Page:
That coercive power can be used for good or evil. Listening to Schweber, it sounds like unilateral disarmamanent is the solution. Businesses that are good should not use what power they have.
Putting aside the reference to businesses that "are good" (which I think gives away the game that this is about anything but politics), I am unaware that WMC has called on a politically based boycott of anybody. If they have, they should not have. Paul's "businesses that are good" can participate in the political process. They can set up PACs, give to the Greater Wisconsin Committee and, as he puts it, "lobby like hell." They can argue that, without light rail or higher taxes and all the good things that they supposedly bring, they may need to relocate to Vermont.
And, if they do get involved in this way, I don't propose that they ought to be shunned. Heck, I'd buy lots of Ben and Jerry's if my doc and the Reddess would let me.
And now for the irony.
Let's say that I don't want to politicize all my relationships but I think that the tone of the Supreme Court race was just beyond the pale. I don't want another race where organizations with an axe to grind bundle money from unknown sources and run ads which unfairly portray the role and actions of a judge.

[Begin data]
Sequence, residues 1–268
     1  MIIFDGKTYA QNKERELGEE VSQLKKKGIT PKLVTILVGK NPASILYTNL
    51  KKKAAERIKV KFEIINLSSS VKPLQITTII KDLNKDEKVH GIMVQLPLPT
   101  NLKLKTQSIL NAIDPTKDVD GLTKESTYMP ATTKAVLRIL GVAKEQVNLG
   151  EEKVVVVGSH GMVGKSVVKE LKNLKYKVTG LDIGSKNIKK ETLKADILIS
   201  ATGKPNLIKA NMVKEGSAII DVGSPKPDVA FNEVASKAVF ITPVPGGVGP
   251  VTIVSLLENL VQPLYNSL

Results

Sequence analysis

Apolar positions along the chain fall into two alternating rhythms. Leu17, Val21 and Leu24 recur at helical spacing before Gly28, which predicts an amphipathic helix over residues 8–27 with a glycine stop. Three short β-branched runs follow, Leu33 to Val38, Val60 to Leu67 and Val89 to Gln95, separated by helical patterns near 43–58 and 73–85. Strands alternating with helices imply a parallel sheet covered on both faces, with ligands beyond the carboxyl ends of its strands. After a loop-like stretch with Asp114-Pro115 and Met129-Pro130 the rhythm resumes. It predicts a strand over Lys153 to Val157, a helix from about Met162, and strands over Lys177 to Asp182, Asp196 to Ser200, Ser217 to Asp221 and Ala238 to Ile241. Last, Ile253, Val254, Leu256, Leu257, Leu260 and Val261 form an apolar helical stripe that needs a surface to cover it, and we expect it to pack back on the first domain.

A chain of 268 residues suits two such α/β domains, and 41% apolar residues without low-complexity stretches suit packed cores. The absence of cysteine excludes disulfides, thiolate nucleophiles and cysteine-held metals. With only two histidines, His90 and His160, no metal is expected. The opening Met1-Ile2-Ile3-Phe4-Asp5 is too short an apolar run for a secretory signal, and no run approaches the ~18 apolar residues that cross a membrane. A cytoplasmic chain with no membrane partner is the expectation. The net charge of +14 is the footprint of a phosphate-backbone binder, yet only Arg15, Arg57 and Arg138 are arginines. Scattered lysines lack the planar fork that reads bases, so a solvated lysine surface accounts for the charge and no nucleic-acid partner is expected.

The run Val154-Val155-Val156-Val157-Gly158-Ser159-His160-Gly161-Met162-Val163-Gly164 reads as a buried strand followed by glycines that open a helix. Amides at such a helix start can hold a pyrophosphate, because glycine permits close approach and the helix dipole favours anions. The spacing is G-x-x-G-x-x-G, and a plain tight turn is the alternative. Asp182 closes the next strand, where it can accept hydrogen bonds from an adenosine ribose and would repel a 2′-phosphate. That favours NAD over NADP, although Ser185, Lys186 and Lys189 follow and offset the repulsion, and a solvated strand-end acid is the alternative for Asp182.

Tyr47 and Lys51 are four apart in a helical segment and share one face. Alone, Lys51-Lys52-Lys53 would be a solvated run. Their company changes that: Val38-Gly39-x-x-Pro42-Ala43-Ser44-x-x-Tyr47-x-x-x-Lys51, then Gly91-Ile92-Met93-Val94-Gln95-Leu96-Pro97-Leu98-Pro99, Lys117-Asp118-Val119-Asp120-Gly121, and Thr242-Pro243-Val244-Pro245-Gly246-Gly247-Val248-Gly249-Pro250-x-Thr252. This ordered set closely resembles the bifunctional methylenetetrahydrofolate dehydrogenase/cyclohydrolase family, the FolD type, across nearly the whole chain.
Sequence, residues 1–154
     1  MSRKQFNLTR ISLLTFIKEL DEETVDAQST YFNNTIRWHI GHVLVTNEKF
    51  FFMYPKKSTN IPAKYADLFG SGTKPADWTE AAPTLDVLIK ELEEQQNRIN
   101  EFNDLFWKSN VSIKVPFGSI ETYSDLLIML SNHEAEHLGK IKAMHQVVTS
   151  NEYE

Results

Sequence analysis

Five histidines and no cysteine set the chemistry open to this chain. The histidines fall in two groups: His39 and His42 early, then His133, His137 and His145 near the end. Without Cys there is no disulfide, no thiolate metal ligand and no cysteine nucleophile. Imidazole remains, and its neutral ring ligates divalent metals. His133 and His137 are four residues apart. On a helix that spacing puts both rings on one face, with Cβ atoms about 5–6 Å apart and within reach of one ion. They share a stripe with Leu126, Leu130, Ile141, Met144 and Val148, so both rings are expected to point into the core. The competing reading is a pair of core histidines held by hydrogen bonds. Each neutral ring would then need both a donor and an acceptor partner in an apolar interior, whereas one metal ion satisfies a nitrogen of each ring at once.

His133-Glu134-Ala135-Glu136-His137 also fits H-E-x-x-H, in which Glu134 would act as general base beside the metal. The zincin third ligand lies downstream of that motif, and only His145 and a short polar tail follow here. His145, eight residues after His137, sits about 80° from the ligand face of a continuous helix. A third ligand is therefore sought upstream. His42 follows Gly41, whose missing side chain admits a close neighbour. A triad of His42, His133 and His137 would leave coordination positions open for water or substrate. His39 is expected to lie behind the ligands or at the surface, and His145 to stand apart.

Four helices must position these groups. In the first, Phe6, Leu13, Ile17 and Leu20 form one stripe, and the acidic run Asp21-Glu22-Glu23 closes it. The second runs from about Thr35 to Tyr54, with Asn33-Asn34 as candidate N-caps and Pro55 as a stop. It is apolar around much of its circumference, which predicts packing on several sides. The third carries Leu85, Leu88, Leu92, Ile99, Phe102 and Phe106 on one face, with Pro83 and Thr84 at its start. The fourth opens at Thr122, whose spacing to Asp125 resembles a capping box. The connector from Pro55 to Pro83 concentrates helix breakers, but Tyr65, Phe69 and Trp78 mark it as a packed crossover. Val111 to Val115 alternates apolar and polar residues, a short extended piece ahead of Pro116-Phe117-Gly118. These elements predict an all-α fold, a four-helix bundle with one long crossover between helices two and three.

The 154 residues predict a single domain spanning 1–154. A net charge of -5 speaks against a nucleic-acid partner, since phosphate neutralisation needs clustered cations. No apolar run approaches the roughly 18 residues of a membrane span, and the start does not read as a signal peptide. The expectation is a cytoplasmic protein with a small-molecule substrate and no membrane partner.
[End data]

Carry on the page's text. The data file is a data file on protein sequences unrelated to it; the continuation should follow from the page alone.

Maybe - if I really believe this - I'll take the extraordinary step of boycotting those who have, in Epic's words, "supported with current management" those who ran these ads.
But one of the companies that I have to boycott may well turn out to be Epic Systems Corporation. As Lance Burri and the Cap Times point out, Epic CEO Judith Faulkner gave a large amount of money to One Wisconsin Now Action. We know that One Wisconsin Now was involved in the Supreme Court race - pushing a variety of fairly dubious attacks on Gableman that were echoed in ads run by the Greater Wisconsin Committee. GWC's ads were just as bad - if not worse - than those run by WMC. Did Faulkner give to such groups?
Of course we don't know. No one does.
So as Mayor Soglin says - let's pierce the veil. Given that Epic claims that its decision was about ethics and not politics, shouldn't it confirm that none of its current management supports - or has supported - the Greater Wisconsin Committe, One Wisconsin Now or any of the other "shadowy" groups that ran anti-Gableman ads? Will it "try" not to do business with those who have? I mean, after all, it's all about ethics and not politics.
*And now for some bonus irony. Paul Soglin says that WMC is its board members. He says, for example, that "Quarles & Brady is WMC" because one of its partners serve on the board.
But, at least at one point in its existence, on Soglin's view, Quarles & Brady was also the Greater Wisconsin Committee because my old friend David Cross was on its board and even served on its President. Dave has been with Quarles for 27 years. I don't know if he still serves on the GWC board, but you get the point. Quarles & Brady is not the political actions of its partners. If it is, then it apparently has multiple personality disorder.